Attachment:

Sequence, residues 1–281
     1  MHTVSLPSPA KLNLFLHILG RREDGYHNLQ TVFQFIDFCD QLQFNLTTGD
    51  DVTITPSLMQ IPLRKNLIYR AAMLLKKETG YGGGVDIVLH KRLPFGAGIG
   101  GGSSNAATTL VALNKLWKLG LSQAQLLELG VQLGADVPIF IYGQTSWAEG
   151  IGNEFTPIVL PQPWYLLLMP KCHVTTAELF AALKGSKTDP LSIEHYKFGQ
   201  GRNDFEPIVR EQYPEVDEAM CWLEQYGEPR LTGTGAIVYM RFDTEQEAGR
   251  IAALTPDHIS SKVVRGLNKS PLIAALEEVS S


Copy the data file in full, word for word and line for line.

Sequence, residues 1–281
     1  MHTVSLPSPA KLNLFLHILG RREDGYHNLQ TVFQFIDFCD QLQFNLTTGD
    51  DVTITPSLMQ IPLRKNLIYR AAMLLKKETG YGGGVDIVLH KRLPFGAGIG
   101  GGSSNAATTL VALNKLWKLG LSQAQLLELG VQLGADVPIF IYGQTSWAEG
   151  IGNEFTPIVL PQPWYLLLMP KCHVTTAELF AALKGSKTDP LSIEHYKFGQ
   201  GRNDFEPIVR EQYPEVDEAM CWLEQYGEPR LTGTGAIVYM RFDTEQEAGR
   251  IAALTPDHIS SKVVRGLNKS PLIAALEEVS S